The White Noise of the South: PW talks with Stacy Willingham
In Stacy Willingham’s thriller 'A Flicker in the Dark' (Minotaur, Jan. 2022), a convicted killer’s daughter grapples with her father’s legacy, and with her terror as young girls begin disappearing, once again, from her Louisiana hometown.

True Crime 2021: What Makes Them Tick?
After the murder of seven-year-old Susie Jaeger in 1973, many tales of criminal profiling, including 'The Silence of the Lambs' and the Netflix series 'Mindhunter' reflect the investigative methods that helped capture her attacker.

True Crime 2021: Catch Her If You Can
These books tell the stories of women who used the gender bias towards them to their advantage in conning the one percent at their own game.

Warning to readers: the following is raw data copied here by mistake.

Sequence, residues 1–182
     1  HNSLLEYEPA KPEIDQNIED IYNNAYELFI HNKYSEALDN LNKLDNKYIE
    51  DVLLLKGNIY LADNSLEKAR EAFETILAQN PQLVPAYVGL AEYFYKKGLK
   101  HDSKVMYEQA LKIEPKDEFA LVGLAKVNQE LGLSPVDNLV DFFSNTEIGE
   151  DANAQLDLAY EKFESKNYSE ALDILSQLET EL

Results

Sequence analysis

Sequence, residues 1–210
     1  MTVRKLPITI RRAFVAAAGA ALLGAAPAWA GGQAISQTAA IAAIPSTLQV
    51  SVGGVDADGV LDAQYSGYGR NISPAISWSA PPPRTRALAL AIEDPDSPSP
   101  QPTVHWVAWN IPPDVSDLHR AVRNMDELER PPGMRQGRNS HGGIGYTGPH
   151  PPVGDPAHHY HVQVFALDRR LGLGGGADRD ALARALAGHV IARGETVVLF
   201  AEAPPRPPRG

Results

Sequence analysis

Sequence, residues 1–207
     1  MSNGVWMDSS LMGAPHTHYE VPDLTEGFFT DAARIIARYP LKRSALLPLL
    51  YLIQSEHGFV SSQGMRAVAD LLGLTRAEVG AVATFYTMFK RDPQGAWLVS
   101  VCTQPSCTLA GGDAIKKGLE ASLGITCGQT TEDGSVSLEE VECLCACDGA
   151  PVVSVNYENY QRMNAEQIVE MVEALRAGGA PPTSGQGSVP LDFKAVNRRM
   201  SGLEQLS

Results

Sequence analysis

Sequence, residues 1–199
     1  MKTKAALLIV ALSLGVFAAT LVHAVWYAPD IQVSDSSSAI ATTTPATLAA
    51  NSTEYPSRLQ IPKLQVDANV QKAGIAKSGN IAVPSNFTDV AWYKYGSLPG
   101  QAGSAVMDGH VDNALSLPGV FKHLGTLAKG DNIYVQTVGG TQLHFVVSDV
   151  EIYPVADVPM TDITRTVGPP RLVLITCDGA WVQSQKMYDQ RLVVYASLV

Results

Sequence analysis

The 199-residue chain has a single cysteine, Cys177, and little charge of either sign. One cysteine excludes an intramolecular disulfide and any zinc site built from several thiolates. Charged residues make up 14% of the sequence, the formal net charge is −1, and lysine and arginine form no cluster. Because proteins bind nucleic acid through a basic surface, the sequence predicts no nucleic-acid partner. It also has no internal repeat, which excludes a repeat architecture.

Crime Wave: PW Talks with Joseph Knox
Joseph Knox’s 'True Crime Story' (Sourcebooks, Dec.) plays with genres—both as a postmodern crime novel that reads like a case file and as an examination of the fascination with true crime itself.

True Crime 2021: Once upon a Crime
Forthcoming true crime books include studies of persuasive inmates, a primer on poison, and a look at one of the most infamous serial killers of all time that puts his victims at the forefront.

Mysteries & Thrillers 2021: YA Thrill Seekers
Teens are clamoring for suspenseful page-turners.